1–5, Stephen Burnett and Eden Smith are called to preach in whatever place they choose.

Verily, thus saith the Lord unto you my servant Stephen Burnett: Go ye, go ye into the world and preach the gospel to every creature that cometh under the sound of your voice.

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Stephen is mentioned again in D & C 75:35.  23–36, Families of missionaries are to receive help from the Church.

35 And also my servant Ruggles Eames and my servant Stephen Burnett;

Minutes of a general Conference held at the dwelling of br. Serenes Burnet[t] in the Town of Orange, Cuyahoga County, Ohio, October 25, 1831.

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Elder David Bendar referenced Stephen Burnett many times in a 2017 General Conference talk, “Called to the Work“.

Section 80 of the Doctrine and Covenants is a record of a mission call to Stephen Burnett extended by the Prophet Joseph Smith in 1832. Studying this call to Brother Burnett can help us to (1) understand more clearly the distinction between being “called to the work” as a missionary and “assigned to labor” in a particular place and (2) appreciate more completely our individual and divinely appointed responsibility to proclaim the gospel.

Verse 1 of this section is a call to serve: “Verily, thus saith the Lord unto you my servant Stephen Burnett: Go ye, go ye into the world and preach the gospel to every creature that cometh under the sound of your voice.”3

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Interestingly, verse 2 informs Brother Burnett about his assigned missionary companion: “And inasmuch as you desire a companion, I will give unto you my servant Eden Smith.”4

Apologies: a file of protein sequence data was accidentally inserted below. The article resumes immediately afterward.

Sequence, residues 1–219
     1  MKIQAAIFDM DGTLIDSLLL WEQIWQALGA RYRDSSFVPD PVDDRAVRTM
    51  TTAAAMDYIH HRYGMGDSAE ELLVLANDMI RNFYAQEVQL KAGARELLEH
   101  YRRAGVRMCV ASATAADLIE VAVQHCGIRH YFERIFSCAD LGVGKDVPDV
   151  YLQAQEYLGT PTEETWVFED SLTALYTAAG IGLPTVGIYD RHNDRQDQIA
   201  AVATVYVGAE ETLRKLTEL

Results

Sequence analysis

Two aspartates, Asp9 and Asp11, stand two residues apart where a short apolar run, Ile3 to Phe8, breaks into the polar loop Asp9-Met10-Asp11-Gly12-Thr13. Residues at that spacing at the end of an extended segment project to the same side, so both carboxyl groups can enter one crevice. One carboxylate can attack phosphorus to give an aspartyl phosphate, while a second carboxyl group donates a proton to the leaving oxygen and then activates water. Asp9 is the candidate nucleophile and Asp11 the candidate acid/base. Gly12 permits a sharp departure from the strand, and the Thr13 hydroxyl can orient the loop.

Verse 3 indicates where these two missionaries are to labor: “Wherefore, go ye and preach my gospel, whether to the north or to the south, to the east or to the west, it mattereth not, for ye cannot go amiss.”5

I do not believe that the phrase “it mattereth not” as used by the Lord in this scripture suggests that He does not care where His servants labor. In fact, He cares deeply. But because the work of preaching the gospel is the Lord’s work, He inspires, guides, and directs His authorized servants. As missionaries strive to be ever more worthy and capable instruments in His hands and do their best to fulfill faithfully their duties, then with His help they “cannot go amiss”—wherever they serve. Perhaps one of the lessons the Savior is teaching us in this revelation is that an assignment to labor in a specific place is essential and important but secondary to a call to the work.

The next verse highlights important qualifications for all missionaries: “Therefore, declare the things which ye have heard, and verily believe, and know to be true.6

The final verse reminds Brother Burnett and all of us from whom a call to serve truly comes: “Behold, this is the will of him who hath called you, your Redeemer, even Jesus Christ. Amen.”7

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In 1838, Steven lost property in Independence and then made (conflated, false) statements about Martin, suggesting Martin never saw the plates. Prior to that (loss of faith and property in Independence) Burnett never would have made such statements, as he was a believing Latter-day Saint.

Stephen Harper discusses the witnesses, Stephen Burnett, and others:

As an early convert in Ohio, Stephen Burnett felt the Holy Spirit and a desire to take the gospel to his relatives. He led his parents into the Church and responded successfully to revealed mission calls (see D&C 75:35; 80). He “was the first one that sounded the glad tidings of the everlasting gospel” in Dalton, New Hampshire.[28]